Admission to the Teacher Education Program

When the above steps have been completed and all requirements have been met, your application will be reviewed by the program coordinator, Department Chair, and the Director of Teacher Education. The Director of Teacher Education makes the final decision on all admissions to the Teacher Education program, and applicants will be notified of the Director of Teacher Education’s decision.

  • A student may be denied admission to the program by the Teacher Education Committee.
  • As stated in the Academic Catalog, a teacher candidate must be unconditionally admitted to the program before being permitted to take any of the following education methods courses: EDU 310, EDU 311, EDU 312, EDU 410, EDU 411, EDU 412, EDU 421, EDU 422, EDU 424, EDU 425, EDU 428, MUS 461, PEH 425, and EDU 481.

Questions or concerns regarding an applicant’s acceptance status may be directed to the Director of Teacher Education, Ann Bullock, by calling 336-278-5900.

Transition Point 2: Satisfactory Progress in Teacher Education

To continue in the Teacher Education program, candidates must meet the following criteria:

  • minimum overall GPA of 2.70 as required by the State of North Carolina
  • a grade of C or better in PSY 321 before enrollment in a methods class in any of the teacher education programs
  • methods course grade of C or better and satisfactory completion of field component of methods courses
  • overall GPA of 2.0 in content courses
  • satisfactory disposition assessments
  • positive departmental recommendation
  • ongoing positive background checks

Addressing Professional Dispositions and Academic Performance Concerns

While serious concerns about the performance or growth of our teacher candidates do not often occur, when a concern exists, it is best for the candidate and program to address it honestly and directly. For this purpose, the Professional Dispositions and Academic Performance (PDAP) process has been created.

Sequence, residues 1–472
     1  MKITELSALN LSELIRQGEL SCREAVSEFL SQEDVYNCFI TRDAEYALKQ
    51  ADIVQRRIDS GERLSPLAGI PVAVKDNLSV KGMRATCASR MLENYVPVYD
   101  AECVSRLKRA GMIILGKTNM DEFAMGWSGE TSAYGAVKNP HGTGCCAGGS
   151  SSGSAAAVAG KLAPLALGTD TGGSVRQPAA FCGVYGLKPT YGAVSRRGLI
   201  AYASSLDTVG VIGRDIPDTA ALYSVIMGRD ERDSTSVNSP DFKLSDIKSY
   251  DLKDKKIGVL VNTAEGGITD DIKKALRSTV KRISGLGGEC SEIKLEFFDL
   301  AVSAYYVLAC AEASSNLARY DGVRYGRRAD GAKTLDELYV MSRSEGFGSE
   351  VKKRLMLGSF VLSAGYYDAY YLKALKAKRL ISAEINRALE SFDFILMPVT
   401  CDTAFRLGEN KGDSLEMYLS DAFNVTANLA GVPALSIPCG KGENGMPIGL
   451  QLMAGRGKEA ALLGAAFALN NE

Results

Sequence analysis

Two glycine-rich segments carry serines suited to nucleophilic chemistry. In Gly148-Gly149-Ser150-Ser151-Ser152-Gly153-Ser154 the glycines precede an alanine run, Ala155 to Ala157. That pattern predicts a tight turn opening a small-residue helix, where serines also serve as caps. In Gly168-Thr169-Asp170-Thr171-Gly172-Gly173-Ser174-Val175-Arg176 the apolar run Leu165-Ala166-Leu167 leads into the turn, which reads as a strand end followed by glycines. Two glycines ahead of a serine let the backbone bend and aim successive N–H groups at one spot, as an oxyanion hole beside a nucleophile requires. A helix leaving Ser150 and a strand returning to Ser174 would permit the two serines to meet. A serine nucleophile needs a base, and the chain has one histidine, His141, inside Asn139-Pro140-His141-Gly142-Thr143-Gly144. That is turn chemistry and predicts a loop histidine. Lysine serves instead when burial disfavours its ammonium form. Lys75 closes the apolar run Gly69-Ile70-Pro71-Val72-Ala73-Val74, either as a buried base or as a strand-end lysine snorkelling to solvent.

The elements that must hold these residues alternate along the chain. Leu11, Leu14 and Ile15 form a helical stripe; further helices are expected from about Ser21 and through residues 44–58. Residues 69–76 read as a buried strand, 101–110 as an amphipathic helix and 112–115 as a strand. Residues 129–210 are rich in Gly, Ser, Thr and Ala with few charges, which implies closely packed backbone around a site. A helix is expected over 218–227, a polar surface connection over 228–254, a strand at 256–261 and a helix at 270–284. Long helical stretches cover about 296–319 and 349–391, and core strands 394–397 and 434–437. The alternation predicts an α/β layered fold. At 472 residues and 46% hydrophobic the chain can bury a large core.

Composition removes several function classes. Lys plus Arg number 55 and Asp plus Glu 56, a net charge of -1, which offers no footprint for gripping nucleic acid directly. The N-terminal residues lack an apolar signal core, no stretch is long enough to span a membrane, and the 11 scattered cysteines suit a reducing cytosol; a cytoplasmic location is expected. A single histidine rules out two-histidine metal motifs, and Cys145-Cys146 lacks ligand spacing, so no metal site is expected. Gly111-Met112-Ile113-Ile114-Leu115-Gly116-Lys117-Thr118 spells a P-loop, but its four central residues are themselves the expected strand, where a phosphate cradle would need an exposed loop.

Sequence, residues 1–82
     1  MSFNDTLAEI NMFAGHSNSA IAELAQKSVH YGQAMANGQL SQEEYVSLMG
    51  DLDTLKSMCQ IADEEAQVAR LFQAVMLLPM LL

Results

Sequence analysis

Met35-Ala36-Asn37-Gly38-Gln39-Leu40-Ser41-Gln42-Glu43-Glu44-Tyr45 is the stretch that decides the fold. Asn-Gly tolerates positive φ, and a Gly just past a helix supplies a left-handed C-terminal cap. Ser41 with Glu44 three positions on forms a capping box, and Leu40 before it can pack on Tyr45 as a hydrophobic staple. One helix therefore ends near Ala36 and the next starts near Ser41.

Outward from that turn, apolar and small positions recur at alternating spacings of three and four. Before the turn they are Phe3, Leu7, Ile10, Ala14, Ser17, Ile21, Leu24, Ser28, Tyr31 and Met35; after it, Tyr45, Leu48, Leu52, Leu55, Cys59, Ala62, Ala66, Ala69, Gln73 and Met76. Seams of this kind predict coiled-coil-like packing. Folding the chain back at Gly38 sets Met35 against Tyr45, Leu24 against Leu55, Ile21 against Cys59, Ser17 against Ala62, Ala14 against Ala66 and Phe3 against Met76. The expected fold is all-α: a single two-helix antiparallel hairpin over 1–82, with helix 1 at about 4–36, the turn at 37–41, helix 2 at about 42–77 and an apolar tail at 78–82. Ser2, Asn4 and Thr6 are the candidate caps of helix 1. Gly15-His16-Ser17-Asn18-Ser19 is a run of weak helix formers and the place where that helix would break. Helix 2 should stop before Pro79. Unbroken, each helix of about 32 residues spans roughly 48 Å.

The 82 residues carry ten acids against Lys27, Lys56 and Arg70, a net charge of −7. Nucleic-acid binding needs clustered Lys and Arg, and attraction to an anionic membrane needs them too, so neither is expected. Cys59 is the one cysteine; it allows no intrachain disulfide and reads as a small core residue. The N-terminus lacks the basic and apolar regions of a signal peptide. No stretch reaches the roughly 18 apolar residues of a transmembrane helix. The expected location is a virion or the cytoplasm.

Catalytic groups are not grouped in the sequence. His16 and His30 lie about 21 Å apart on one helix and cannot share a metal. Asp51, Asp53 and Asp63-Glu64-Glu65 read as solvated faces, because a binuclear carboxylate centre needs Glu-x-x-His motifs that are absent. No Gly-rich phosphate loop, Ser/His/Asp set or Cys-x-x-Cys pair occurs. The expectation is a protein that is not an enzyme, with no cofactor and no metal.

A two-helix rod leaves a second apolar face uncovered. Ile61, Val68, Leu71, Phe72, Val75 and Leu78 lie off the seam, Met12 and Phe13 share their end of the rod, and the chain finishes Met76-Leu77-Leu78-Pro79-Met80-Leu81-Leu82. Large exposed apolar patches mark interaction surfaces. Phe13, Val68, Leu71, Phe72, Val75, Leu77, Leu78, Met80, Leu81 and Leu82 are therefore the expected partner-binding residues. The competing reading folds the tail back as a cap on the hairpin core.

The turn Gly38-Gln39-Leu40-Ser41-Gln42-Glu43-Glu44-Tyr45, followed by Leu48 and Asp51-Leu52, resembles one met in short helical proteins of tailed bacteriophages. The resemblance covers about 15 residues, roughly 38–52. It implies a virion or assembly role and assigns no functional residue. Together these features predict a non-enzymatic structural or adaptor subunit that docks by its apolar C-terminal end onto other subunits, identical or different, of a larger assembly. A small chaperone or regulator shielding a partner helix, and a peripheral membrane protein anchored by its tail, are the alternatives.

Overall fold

The PDAP process documents the interventions required for teacher candidates who demonstrate inadequate performance in their professional dispositions and/or academic coursework. We believe that teacher candidates with excellent academic performance and positive dispositions are well prepared to teach and lead in their classrooms and have a positive impact on student learning. A grade of C or better is required in all EDU courses.

Information provided during this process is designed to be of value to the candidate in planning for growth and to the Teacher Education Program and faculty in facilitating growth. The information may have important implications in decisions regarding admission to Teacher Education, continuance in the program, admission to student teaching, and recommendation for licensure.

Learn more about the PDAP Process

Candidate Complaint Procedure

The candidate complaint procedure is designed for complaints that arise during matriculation in the Teacher Education Program. Should a teacher candidate have a concern, the following steps should be taken:

  1. The teacher candidate should submit a written complaint to the individual with whom there is a concern, with a request for a meeting.
  2. The teacher candidate should meet with the individual. Most concerns can be resolved through direct and open communication between the parties involved.
  3. If the teacher candidate is dissatisfied with the results of Step 2, the teacher candidate may submit a written complaint to the individual’s supervisor or department chair within 10 working days of the meeting. The individual’s supervisor or department chair will offer to meet with the teacher candidate and the individual with whom there is a concern. After the meeting, the supervisor or department chair will provide both parties with written documentation of the concern/s expressed and resolutions/s discusses at the meeting.
  4. If the teacher candidate wishes to appeal the resolution/s from Step 3, they should submit a written request to the Dean who will determine the appropriate audience for the appeal (e.g., Teacher Education Committee, M.Ed. Faculty Committee, Provost, etc.).

*The above steps should NOT be used for complaints or grievances regarding:

Teacher candidates may also follow the University’s Student Complaint Process which provides students with an avenue to submit a concern regarding any area on campus for which no other specific process exists.

Learn more about the University’s Student Complaint Process

Submit a Complaint Online